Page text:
We know things have changed since Vick's dogs were given a chance at adoption and none of them managed to eat anybody (yet, some might opine). Things had to change - no longer is it perfectly acceptable to kill dogs without, at the very least, giving them an evaluation. That isn't to say shelters and authorities across the country aren't killing healthy dogs from fight busts, they still are, but now the public seems to want accountability.
This is good, of course. But.
First, the "authorities" and I'm sure you've seen these quotes spattered about (I don't know if they were taken out of context or are true excerpts):
From the Humane Society of Missouri's press release comes this sound-byte:
It is a tragedy that because of mistreatment by humans for financial gain and so-called sport, many dogs used in animal fighting may not ever be able to be placed in a home situation. - Debbie Hill, vice president of Operations for the Humane Society of Missouri
I might buy this if the confiscation of puppy mill dogs also garnered these types of statements. Puppy millers breed for profit and arguably mistreat their animals. Yet these dogs, who often have debilitating or life-long health problems and are often aggressive or fraught with behavioral problems seem to get a free pass into a new home, no questions asked. It's almost implied dogs from puppy mills will be adopted. But another group of dogs who have been mistreated and used for profit are somehow exempt because? (And I'm sure plenty of people can come up with plenty of reasons why puppy mill dogs are somehow more worthy of a nice home than fight bust dogs).
And then there is the HSUS who supposedly was modifying their stance of kill, kill, kill when it comes to fight bust dogs.
I think it's pretty certain that a lot of those dogs will not pass a behavioral test. - Wayne Pacelle, CEO HSUSPretty certain? Like there is some magic scientific study somewhere that states unequivocally fight bust dogs cannot pass a behavioral test? Few fight bust dogs have been given the basic chance AT a behavioral test. I'm not one to argue fight bust dogs are at a disadvantage. It is not because I think fighting is, in of itself, a reason to kill a healthy dog. I think the social isolation, prolonged chaining and strange (by my dog-loving standards) relationship with humans creates a dog who has a harder time relating to the world outside the yard.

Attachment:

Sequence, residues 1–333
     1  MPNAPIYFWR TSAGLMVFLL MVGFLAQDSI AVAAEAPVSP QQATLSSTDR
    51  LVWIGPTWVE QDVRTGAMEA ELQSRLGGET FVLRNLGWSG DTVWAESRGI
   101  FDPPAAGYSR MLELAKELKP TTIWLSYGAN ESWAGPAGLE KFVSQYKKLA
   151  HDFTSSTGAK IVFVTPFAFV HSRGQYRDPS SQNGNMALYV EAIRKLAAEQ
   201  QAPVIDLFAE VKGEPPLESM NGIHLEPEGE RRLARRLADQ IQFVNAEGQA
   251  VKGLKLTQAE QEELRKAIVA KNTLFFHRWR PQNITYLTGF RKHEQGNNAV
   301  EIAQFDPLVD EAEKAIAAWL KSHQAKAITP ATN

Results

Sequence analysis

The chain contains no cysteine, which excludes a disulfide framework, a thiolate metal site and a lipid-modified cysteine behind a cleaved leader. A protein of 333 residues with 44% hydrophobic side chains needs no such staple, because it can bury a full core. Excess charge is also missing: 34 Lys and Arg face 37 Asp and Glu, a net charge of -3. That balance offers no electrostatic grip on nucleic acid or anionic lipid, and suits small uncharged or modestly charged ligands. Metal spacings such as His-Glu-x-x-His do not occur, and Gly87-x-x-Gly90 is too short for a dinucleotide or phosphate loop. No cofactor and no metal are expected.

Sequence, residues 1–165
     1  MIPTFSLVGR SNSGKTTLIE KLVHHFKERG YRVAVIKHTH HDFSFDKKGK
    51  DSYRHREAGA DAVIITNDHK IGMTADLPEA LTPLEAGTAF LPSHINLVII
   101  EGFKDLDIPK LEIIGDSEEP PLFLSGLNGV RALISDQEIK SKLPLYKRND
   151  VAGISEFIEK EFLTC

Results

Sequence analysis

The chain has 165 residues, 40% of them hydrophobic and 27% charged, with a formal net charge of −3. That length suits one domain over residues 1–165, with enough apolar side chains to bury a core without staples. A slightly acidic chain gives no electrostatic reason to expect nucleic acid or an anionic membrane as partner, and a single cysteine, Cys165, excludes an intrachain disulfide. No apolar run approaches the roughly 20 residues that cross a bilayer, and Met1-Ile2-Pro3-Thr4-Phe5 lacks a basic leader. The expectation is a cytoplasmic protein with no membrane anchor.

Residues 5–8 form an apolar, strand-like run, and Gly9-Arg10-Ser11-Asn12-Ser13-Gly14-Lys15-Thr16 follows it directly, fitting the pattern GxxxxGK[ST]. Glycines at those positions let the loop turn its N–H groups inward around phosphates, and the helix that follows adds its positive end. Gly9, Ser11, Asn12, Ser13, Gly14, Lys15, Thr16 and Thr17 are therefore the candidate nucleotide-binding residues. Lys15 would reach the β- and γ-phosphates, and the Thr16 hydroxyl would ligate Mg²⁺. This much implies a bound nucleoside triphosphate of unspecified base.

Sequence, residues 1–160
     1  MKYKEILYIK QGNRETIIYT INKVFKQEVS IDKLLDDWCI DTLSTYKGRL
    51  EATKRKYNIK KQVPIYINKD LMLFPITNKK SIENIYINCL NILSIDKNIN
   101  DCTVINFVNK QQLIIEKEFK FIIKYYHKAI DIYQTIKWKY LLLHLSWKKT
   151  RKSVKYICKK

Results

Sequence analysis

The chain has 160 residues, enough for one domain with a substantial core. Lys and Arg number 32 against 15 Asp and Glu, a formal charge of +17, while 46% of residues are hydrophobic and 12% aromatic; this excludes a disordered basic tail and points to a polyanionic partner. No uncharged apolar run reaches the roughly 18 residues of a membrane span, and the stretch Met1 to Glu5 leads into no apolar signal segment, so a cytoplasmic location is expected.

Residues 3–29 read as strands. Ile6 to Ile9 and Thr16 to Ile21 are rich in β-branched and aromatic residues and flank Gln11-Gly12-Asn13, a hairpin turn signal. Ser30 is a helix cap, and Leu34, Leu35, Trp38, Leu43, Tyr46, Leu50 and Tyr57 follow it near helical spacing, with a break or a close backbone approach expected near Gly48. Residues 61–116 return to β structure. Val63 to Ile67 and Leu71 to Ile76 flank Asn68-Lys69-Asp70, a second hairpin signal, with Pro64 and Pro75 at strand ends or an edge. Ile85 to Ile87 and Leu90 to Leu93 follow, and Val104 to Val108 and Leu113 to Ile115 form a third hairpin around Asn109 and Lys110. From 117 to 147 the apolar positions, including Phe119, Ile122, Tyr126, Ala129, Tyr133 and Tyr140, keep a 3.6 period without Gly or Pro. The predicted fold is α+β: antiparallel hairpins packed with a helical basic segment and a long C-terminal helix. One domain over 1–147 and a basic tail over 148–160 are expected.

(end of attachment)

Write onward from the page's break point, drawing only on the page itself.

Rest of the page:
Photo: Associated Press
Okay, so the ones pulling the strings, "saving" these dogs from further fighting, we can see that their big picture is stopping dog fighting not so much as saving dogs (and I won't argue that that is inherently bad). They seem to have a very jaded view of these dogs even though every picture I've seen shows tail-wagging dogs being easily handled by their rescuers (hardly a menacing threat).
<-- Evidence of very dangerous dogs! (okay, look above)
Then there is the part of me who sits down to write this post and thinks, who the hell is going to adopt these dogs? Are there 450 homes who want a potentially unsocialized, potentially fearful dog (assuming the evaluations permit for appropriate fear)? Are there 450 homes available nearby that can even have a pit bull? Your normal, run of the mill, happy go lucky pit bull has a slim chance at adoption under normal circumstances. Even slimmer when you have shelters and rescues who either require special assessments for pit bull adopters or who just don't want to adopt out our mush-headed canine friends, for whatever reason.
So even if these dogs pass with flying colors, even if half of them succeed - who is going to incorporate them into their programs? 200+ dogs is a lot. I mean, a lot. Factor in the possibility that, at this stage, some or many will be too reactive around other dogs to be housed together and you require either the same setup they came from (tie down yard) or individual kennels or a bucketload of foster homes...of which there are few. The realities of this type of confiscation, as it pertains to the dogs, is a mixture of hope and, for me, a grim reality.
That is not to say those in charge should just pass the buck, claim it's too much work and therefore the dogs should just be killed (or God forbid, claim none of the dogs passed the evaluation). I suppose I shouldn't even think about any of that until the evaluations occur and the number who pass become public.
*sigh* Well, on a happier note, here's Mina with a horse, who she feels are as interesting as a tree stump and thus unworthy of her undivided attention. The horse was slighted.